The way you price out your services ultimately impacts your cash flow. If managed incorrectly, it can cut to the heart of your business. That’s why it’s important to approach your pricing systematically and time your ingoings and outgoings to generate a healthy profit.
Service businesses fundamentally require a different calculation when considering pricing. This is because with a product, you can just take into account manufacturing and purchasing costs, other COGS, add a margin and you have a good baseline of what your pricing should be. Service based pricing can be much more variable depending on the task.
Why Service Business are Different
When it comes to pricing your services, the lines on how much a specific thing costs isn't so clear when compared to a physical product. For example you’re dealing with variable labor costs for your employees. Certain materials will always be needed for certain jobs, and no material needed for others; this must be calculated. It is crucial to have accurate job quotes which capture all these costs.
As an example, if you own a cleaning business, some have carpet which requires a lot of extra cleaning materials in the form of rug shampoo. It may involve moving a lot of furniture which increases your labour costs.
Consider What Your Average Costs Are
It is important to have a baseline from which you can make accurate quotes depending on how the specific job differs. Mentally run through a task from beginning to end and carefully consider everything needed, try and remember every time something has to be purchased or fees to be paid and factor it all in.
Overhead also has to factor in as it ultimately impacts your profit. It is important to realise that overhead is generally indirect costs related to running the business, such as your leasing costs, subscriptions necessary such as sales software and utility costs.
A conversation with your accountant, bookkeeper or virtual cfo can make this whole process much easier. Don’t make these estimations based on your gut, evidence in the form of monthly or annual records should be used wherever possible.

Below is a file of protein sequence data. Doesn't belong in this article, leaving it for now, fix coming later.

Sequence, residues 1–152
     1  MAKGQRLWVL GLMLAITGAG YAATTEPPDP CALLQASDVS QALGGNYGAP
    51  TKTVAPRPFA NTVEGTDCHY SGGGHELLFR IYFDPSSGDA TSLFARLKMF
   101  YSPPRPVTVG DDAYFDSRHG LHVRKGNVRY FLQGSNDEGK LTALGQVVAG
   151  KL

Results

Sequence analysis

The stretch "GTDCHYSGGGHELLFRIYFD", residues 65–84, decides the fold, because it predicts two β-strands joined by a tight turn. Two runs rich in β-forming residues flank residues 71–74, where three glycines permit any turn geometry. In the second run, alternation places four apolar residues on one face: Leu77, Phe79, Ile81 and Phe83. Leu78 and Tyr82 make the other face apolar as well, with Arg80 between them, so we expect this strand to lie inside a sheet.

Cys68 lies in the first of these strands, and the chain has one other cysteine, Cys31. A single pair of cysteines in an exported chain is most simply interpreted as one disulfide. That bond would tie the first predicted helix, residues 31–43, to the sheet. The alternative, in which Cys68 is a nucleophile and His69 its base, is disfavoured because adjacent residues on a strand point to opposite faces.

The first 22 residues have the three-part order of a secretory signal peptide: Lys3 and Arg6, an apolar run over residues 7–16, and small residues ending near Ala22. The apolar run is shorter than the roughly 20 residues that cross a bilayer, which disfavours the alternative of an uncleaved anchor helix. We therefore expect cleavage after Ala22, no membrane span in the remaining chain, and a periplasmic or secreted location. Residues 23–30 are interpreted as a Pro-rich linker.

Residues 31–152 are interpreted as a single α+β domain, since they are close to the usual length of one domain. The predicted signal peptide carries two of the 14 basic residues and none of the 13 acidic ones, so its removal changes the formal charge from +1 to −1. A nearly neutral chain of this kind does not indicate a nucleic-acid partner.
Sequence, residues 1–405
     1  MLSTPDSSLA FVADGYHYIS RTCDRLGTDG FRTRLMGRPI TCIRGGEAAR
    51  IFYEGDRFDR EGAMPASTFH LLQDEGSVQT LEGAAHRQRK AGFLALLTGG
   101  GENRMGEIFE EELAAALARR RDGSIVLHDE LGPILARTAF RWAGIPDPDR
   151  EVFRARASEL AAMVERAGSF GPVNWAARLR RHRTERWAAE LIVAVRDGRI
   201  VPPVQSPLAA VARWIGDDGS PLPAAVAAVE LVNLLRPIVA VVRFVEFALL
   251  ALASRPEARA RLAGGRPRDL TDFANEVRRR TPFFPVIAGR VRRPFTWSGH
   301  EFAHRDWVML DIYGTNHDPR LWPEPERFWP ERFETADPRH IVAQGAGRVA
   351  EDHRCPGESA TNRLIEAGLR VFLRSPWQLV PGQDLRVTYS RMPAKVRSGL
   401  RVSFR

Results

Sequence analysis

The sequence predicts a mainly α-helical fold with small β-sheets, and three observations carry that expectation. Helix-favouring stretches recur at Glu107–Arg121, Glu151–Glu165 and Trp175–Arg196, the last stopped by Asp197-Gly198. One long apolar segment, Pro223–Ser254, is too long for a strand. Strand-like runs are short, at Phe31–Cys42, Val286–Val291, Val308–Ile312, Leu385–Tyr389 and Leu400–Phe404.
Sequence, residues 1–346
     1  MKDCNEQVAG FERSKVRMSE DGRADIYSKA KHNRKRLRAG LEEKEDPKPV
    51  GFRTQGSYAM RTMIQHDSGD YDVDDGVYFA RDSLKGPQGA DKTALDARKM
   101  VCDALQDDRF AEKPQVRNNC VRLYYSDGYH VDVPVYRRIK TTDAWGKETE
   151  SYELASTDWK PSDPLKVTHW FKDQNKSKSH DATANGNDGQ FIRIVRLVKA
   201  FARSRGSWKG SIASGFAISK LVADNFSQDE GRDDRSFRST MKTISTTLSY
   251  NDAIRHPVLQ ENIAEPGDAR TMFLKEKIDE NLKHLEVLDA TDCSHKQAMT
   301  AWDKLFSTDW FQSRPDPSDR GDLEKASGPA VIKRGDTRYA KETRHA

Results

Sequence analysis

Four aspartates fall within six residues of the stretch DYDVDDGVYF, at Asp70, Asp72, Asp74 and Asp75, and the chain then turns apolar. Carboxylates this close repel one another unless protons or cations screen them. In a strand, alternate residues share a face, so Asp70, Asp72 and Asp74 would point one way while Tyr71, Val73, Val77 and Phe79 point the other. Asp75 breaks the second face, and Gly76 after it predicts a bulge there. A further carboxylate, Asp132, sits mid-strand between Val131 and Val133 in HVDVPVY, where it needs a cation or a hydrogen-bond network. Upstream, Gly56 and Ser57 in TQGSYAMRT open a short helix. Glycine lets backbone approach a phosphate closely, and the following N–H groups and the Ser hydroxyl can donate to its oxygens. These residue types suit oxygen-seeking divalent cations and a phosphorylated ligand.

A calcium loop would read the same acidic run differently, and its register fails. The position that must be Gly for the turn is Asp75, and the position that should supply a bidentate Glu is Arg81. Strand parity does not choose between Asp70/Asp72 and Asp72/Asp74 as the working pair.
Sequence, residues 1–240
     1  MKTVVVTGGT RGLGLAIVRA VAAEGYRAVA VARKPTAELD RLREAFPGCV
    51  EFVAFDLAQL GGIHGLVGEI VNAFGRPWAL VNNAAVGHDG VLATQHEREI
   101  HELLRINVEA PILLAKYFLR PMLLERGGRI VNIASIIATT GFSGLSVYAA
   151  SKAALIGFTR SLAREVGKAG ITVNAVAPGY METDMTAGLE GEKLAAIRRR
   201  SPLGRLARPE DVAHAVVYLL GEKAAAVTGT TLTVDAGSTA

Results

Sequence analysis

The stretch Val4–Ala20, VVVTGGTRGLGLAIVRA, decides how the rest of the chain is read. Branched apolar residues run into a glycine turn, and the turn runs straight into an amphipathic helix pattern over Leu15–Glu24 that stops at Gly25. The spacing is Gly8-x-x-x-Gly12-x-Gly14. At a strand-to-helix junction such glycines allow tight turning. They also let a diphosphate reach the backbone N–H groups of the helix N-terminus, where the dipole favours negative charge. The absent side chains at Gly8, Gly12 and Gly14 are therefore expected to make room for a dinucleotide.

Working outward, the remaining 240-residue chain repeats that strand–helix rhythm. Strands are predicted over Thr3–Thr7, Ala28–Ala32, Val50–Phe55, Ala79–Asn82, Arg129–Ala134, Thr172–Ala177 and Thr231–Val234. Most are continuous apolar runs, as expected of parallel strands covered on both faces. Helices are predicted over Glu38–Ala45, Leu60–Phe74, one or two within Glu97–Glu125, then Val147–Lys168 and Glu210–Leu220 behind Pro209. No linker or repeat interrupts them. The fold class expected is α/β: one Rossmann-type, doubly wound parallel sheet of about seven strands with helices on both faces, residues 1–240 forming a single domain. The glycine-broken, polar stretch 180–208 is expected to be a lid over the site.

Competitors Can Give You a Range of Figures
People in the same space as you can show how businesses can be run and pricings offered for their services. If you’re charging more than your competitors, it is important to clearly communicate what your unique selling proposition (USP) is. What is the thing that sets your offering apart and is worth them paying more?
If you think your competitors are overcharging, this could be an opportunity or a warning that you have not considered your costs carefully enough.
Improve Cash Flow
When considering pricing for a business, its direct impact on business cash flow must be a main consideration. A great cash flow tip is to always try to accelerate the flow of incoming money such as paid invoices, and delay the flow of outgoing cash such as money to suppliers.
If you have increased your prices recently, did that result in losing customers? If you didn’t see a big dropoff or experienced issues with closing sales then you would have a possibility to raise prices if you’re concerned about impending outgoings causing issues with cash flow.
Comparison to previous year's figures as well as general cost of living increases can give you a benchmark to work your pricing to. How much more is your overhead this year, is that a concern percentage wise?
Highlighting the ‘point of difference’ that your specific service offers can make the hard to see benefits or advantages very clear to your customers, bringing with it more business as customers can see the value in choosing your business over someone else’s.
Cash Flow is Key
Struggles with pricing for a service based business are all too common but you can overcome this with a great plan. Your general strategy is to consider your average costs, compare to rivals and always try to improve your cash flow.
By pricing your services effectively it helps with accurate quoting. Making sure your pricing is in sync with the market or at the least emphasising your USP should be among the main considerations. Finally focus on your cash flow and always try to ensure your income is coming in as quickly as possible, with outgoings delayed to keep the business solvent.